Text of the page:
My birthday wish
… for profound peace, love and joy to permeate the universe.
And to that end, I propose you take 20 minutes to listen to Matthieu Ricard‘s TED talk, The habits of happiness, posted Nov 2007. Scroll to bottom of this post to watch it.
Matthieu Ricard’s TED talk
The habits of happiness
Posted Nov 2007
What is happiness, and how can we all get some? Biochemist turned Buddhist monk Matthieu Ricard says we can train our minds in habits of well-being, to generate a true sense of serenity and fulfillment.
Monk, author, photographer
Sometimes called the “happiest man in the world,” Matthieu Ricard is a Buddhist monk, author and photographer.
Why you should listen
After training in biochemistry at the Institute Pasteur, Matthieu Ricard left science behind to move to the Himalayas and become a Buddhist monk — and to pursue happiness, both at a basic human level and as a subject of inquiry. Achieving happiness, he has come to believe, requires the same kind of effort and mind training that any other serious pursuit involves.
His deep and scientifically tinged reflections on happiness and Buddhism have turned into several books, including The Quantum and the Lotus: A Journey to the Frontiers Where Science and Buddhism Meet. At the same time, he also makes sensitive and jaw-droppingly gorgeous photographs of his beloved Tibet and the spiritual hermitage where he lives and works on humanitarian projects.
His latest book on happiness is Happiness: A Guide to Developing Life’s Most Important Skill; his latest book of photographs is Tibet: An Inner Journey.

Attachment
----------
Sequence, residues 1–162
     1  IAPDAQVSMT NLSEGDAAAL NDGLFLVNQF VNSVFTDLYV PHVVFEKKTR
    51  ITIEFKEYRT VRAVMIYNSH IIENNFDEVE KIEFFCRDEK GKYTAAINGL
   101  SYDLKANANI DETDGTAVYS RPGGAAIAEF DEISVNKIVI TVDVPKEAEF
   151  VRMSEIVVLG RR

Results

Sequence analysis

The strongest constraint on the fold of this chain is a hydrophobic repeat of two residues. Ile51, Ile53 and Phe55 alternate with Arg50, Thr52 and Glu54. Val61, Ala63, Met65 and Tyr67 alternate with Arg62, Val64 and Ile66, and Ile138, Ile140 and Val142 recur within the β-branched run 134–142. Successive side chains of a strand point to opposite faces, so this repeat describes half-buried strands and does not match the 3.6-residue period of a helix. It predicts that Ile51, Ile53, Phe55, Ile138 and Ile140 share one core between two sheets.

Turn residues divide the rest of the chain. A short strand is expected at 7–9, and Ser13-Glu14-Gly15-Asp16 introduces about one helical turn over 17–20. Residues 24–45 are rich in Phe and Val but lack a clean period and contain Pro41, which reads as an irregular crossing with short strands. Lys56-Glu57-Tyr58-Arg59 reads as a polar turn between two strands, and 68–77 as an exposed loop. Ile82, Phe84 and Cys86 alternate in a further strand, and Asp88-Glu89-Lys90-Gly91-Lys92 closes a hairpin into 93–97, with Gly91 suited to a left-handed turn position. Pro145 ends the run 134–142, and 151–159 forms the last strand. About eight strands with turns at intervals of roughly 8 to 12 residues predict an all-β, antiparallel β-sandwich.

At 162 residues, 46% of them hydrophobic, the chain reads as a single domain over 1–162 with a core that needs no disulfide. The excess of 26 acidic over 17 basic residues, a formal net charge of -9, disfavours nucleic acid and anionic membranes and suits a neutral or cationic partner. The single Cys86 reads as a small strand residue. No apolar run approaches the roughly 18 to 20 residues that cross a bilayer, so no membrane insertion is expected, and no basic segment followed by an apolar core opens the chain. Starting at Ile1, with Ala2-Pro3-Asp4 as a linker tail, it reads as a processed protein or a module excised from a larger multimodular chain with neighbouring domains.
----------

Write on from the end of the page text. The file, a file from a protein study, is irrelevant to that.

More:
What others say
“Matthieu Ricard, French translator and right-hand man for the Dalai Lama, has been the subject of intensive clinical tests at the University of Wisconsin, as a result of which he is frequently described as the happiest man in the world.”— Robert Chalmers, The Independent
0:11 So, I guess it is a result of globalization that you can find Coca-Cola tins on top of Everest and a Buddhist monk in Monterey.
0:23 And so I just came, two days ago, from the Himalayas to your kind invitation. So I would like to invite you, also, for a while, to the Himalayas themselves. And to show the place where meditators, like me, who began with being a molecular biologist in Pasteur Institute, and found their way to the mountains.
0:50 So these are a few images I was lucky to take and be there. There’s Mount Kailash in Eastern Tibet — wonderful setting. This is from Marlboro country.
1:10 This is a turquoise lake. A meditator. This is the hottest day of the year somewhere in Eastern Tibet, on August 1. And the night before, we camped, and my Tibetan friends said, “We are going to sleep outside.” And I said, “Why? We have enough space in the tent.” They said, “Yes, but it’s summertime.”
1:36 So now, we are going to speak of happiness. As a Frenchman, I must say that there are a lot of French intellectuals that think happiness is not at all interesting.
1:48 I just wrote an essay on happiness, and there was a controversy. And someone wrote an article saying,“Don’t impose on us the dirty work of happiness.”
1:58 “We don’t care about being happy. We need to live with passion. We like the ups and downs of life. We like our suffering because it’s so good when it ceases for a while.”
Well it may be true, I myself have experienced people that seem only to be truly happy when they are clinging to their misery and desperately trying to pull you into their darkness. However, I am the eternal optimist and I know that we are all on the path of self-discovery and mastery. We make this journey the whole of our lives and it is our right to choose our own path, be it hard or soft, hot or cold, dark or light. I wish you whatever gives you the greatest peace, love, and joy.
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